Outputs the objects, concatenating the representations.
performs much less conversion than
R objects (see ‘Details’ for the types of objects allowed).
A connection, or a character string naming the file
to print to. If
a character vector of strings to append after each element.
a logical or (positive) numeric controlling how the output is
broken into successive lines. If
character vector of labels for the lines printed.
logical. Only used if the argument
cat is useful for producing output in user-defined functions.
It converts its arguments to character vectors, concatenates
them to a single character vector, appends the given
string(s) to each element and then outputs them.
No linefeeds are output unless explicitly requested by "\n"
or if generated by filling (if argument
file is a connection and open for writing it is written from
its current position. If it is not open, it is opened for the
duration of the call in
"wt" mode and then closed again.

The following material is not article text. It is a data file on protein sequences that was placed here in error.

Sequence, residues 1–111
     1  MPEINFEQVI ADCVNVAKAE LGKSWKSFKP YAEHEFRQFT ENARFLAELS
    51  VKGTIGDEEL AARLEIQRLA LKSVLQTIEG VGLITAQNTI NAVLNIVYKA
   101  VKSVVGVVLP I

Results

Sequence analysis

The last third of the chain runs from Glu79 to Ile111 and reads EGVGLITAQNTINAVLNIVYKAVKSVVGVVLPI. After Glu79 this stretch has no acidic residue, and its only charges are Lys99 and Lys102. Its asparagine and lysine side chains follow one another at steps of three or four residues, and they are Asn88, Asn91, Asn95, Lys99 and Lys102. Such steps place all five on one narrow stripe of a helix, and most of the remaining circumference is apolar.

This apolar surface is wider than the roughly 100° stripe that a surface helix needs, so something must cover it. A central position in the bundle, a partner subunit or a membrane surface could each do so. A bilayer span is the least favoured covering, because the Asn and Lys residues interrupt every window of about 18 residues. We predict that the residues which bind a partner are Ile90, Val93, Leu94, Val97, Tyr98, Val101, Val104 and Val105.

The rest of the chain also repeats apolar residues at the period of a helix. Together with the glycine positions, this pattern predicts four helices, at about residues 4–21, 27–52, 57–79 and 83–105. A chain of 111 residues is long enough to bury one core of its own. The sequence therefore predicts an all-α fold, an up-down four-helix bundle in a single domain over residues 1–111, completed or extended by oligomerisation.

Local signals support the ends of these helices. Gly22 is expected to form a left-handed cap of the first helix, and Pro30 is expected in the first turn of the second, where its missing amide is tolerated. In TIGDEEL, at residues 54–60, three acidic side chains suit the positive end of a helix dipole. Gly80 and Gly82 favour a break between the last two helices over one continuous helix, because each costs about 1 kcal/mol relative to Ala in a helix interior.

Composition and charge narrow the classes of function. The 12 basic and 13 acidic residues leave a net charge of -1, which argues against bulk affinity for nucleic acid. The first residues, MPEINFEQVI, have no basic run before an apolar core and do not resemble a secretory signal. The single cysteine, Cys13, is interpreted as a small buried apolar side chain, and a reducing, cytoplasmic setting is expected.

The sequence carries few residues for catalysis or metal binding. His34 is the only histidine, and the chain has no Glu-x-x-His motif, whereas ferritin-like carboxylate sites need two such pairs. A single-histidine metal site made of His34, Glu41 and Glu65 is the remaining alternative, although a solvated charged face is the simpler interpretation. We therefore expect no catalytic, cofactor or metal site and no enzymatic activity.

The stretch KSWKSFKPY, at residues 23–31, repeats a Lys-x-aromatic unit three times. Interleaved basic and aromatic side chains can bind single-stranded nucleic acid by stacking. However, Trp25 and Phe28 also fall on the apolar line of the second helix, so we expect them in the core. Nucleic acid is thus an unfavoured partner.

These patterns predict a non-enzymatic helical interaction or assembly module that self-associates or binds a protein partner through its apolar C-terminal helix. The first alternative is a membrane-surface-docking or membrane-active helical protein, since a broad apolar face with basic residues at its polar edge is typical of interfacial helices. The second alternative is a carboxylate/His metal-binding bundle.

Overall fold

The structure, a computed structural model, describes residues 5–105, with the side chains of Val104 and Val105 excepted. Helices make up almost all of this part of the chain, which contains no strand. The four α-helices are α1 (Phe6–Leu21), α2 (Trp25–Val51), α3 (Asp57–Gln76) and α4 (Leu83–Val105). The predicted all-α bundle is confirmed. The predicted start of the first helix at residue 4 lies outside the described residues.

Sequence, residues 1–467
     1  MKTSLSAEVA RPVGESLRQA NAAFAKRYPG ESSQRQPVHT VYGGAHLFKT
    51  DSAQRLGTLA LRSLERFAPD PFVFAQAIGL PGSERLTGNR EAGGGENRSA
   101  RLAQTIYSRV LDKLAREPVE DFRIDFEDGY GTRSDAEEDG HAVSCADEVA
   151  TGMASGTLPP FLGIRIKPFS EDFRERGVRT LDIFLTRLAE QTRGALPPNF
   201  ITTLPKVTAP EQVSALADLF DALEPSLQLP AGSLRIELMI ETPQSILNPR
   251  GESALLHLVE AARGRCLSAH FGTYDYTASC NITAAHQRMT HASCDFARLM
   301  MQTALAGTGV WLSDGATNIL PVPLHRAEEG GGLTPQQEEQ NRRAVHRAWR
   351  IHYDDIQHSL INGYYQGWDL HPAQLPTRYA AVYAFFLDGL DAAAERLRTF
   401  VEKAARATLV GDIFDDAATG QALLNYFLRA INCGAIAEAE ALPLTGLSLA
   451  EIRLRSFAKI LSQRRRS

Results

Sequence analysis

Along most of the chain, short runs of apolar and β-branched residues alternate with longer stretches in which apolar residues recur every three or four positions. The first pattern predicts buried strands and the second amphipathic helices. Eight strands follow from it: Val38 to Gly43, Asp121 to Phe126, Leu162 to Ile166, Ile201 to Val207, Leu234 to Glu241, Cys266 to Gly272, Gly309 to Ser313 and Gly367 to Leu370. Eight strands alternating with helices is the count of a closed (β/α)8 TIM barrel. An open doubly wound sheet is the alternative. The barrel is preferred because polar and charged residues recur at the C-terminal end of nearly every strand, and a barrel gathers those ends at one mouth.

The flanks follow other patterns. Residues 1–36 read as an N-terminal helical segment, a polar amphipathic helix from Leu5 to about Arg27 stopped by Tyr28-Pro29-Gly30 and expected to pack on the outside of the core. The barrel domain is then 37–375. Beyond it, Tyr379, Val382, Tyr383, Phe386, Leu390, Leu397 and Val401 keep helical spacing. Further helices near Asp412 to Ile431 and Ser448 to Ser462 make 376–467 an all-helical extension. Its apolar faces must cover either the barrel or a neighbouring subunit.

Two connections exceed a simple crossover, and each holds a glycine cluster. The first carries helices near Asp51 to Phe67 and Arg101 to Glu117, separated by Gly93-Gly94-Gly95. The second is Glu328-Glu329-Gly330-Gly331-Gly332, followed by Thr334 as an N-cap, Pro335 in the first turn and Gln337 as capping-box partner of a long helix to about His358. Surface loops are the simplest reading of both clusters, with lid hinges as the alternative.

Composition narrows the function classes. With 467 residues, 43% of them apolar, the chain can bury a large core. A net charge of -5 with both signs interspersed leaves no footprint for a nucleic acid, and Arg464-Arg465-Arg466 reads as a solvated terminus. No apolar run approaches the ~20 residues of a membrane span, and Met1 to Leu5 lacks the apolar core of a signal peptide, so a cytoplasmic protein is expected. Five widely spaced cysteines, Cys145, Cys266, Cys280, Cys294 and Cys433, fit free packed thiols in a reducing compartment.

Currently only atomic vectors and names are handled,
NULL and other zero-length objects (which produce
no output). Character strings are output ‘as is’ (unlike
print.default which escapes non-printable characters and
backslash — use
encodeString if you want to output
encoded strings using
cat). Other types of R object should be
converted (e.g., by
before being passed to
cat. That includes factors, which are
output as integer vectors.
cat converts numeric/complex elements in the same way as
which is used by the S equivalent), so
"scipen" are relevant. However, it uses
the minimum field width necessary for each element, rather than the
same field width for all elements.
If any element of
sep contains a newline character, it is
treated as a vector of terminators rather than separators, an element
being output after every vector element and a newline after the
last. Entries are recycled as needed.
Becker, R. A., Chambers, J. M. and Wilks, A. R. (1988) The New S Language. Wadsworth & Brooks/Cole.
which concatenates into a string.
1 2 3 4 5 6